The first eHighway system on a public road opened in June 2016 and over the next two years, the 2km stretch of the E16 highway north of Stockholm will help Sweden’s Transport Administration Trafikverket and Gävleborg County understand whether the eHighway is suitable for future commercial use and further deployment. As part of its climate protection strategy, Sweden has committed to having a fossil fuel independent transport sector by 2030.
Retractable pantograph 2
EHighway trucks are equipped with a retractable pantograph that draws power from overhead cables installed along the highway, producing zero local emissions. A hybrid engine ensures the trucks can also run as easily on roads without overhead lines. The pantograph can connect and disconnect with the overhead catenary at speeds of up to 90km/h.
Siemens has now turned a disused military airfield in Uckermark in northern Germany into a 2.1km long test track — another eHighway, but this time one that entirely mimics German public highway conditions.
It is a much needed scheme, as many have still to be won over. “We are wondering whether catenary hybrid trucks — the so-called eHighway – will be the future,” says Krautzberger. “We don’t know yet; it remains to be seen in the next couple of years.”
Cable supporting poles are spaced every 60m at a height of 5.15m — suitable for typical maximum truck heights of 4.5m. “An important aspect is interoperability,” Grünjes explains. “We have to make sure it’s a European standard project. We included curves that are of a standard radius of a German motorway.”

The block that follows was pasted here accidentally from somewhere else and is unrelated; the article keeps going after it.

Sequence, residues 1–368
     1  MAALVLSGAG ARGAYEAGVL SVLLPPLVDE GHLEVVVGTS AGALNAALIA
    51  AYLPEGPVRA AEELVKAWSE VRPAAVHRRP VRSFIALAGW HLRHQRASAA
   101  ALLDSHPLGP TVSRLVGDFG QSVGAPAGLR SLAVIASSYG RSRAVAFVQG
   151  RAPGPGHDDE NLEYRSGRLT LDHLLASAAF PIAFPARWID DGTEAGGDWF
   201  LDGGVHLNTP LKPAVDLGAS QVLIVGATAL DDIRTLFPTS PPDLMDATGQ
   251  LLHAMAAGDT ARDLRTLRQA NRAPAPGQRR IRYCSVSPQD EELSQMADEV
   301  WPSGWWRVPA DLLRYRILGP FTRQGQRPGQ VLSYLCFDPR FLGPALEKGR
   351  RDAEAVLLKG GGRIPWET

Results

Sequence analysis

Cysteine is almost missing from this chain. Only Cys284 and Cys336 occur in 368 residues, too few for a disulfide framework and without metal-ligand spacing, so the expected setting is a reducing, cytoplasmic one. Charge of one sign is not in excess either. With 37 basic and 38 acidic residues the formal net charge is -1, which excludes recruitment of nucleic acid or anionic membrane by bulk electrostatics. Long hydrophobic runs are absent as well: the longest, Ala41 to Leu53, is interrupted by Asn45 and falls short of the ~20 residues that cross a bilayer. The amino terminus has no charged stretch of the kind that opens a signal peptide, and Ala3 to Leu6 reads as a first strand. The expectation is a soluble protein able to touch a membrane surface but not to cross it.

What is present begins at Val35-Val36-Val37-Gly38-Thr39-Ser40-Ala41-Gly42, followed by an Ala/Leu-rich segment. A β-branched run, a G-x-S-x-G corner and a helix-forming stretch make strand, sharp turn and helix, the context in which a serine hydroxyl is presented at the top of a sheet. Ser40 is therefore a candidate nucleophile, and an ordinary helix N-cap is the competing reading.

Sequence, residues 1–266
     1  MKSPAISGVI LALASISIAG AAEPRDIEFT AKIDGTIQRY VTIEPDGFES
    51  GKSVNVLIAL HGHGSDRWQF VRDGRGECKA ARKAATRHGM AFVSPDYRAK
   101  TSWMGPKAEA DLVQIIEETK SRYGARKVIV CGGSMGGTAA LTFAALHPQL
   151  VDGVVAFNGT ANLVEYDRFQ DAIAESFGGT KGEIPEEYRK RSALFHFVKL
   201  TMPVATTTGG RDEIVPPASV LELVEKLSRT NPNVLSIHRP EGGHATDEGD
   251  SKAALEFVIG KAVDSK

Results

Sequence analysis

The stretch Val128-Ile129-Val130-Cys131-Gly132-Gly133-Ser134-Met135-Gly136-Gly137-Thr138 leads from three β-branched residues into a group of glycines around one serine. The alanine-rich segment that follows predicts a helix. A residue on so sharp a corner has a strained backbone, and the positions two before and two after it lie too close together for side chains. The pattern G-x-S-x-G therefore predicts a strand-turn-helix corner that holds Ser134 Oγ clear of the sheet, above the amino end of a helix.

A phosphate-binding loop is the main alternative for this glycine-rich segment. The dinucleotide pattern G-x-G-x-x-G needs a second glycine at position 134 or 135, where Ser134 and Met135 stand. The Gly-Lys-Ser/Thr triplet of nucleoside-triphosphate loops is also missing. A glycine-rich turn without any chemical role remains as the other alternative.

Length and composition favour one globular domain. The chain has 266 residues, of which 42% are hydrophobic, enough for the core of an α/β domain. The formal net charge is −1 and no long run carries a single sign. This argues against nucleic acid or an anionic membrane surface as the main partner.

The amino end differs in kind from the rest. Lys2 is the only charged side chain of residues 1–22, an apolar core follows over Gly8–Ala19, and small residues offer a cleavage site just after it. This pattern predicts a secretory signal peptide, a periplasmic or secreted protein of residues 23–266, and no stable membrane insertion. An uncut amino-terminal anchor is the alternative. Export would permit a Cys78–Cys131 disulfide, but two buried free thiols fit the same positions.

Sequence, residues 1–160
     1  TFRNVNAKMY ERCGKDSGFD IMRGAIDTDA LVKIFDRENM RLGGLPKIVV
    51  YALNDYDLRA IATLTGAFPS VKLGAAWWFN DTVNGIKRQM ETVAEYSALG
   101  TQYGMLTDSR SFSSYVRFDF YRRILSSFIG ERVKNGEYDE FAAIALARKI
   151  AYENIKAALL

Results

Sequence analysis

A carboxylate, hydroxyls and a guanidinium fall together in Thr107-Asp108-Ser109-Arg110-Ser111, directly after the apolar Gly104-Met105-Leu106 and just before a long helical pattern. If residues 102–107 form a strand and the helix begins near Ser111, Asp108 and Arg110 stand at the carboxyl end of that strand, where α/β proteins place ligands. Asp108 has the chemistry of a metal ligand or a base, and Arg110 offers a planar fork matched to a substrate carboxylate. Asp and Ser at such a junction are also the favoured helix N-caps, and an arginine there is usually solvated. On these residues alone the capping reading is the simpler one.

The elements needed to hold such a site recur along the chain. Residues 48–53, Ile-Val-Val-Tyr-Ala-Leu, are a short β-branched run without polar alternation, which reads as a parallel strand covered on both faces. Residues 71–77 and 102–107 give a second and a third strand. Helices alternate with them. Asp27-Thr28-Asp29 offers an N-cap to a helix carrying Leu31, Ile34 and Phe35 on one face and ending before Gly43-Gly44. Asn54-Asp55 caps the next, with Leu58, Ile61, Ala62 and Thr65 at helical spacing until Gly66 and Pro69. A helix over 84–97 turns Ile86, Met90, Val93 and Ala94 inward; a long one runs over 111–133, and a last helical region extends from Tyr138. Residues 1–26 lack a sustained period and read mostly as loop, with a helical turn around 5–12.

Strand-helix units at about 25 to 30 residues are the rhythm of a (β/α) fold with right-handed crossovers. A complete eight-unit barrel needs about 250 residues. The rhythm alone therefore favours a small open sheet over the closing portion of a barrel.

Space for substations every 2km to 3km would be needed in a real life version of the eHighway, but these offer potential benefits too, he asserts, as they could serve as charging points for cars using the highway.
Siemens hasso georg grünjes cropped
Commercially, Siemens is happy to see competition. “We hope other competitors come along because we want to see other solutions,” says Grünjes. “It’s the same with regard to the infrastructure.
“The ambition of the German government over the last decade was to improve the railways,” adds Grünjes. “And we are not in competition with any railway. This is a necessary complement to the rail solution.”
As to the cost — once again there is a comparison with rail electrification. “In rail electrification, around 10% of the cost is the actual electrification of the rail, while the rest comes from the more complex and disruptive rail works,” suggests Grünjes. He adds that it has been suggested that for eHighways you simply cross out the latter cost altogether and are left with just the electrification cost. Although he does concede that infrastructure costs can be swayed by ground conditions and surrounding infrastructure, he asserts that there is much less disruption with eHighways.
“Here we can build with little disruption,” he says. “On the Sweden project, there was no hard shoulder, so they had to close one lane, but it takes little time, particularly when installing the wires.
“Where there is a hard shoulder we could build it without closing the motorway.”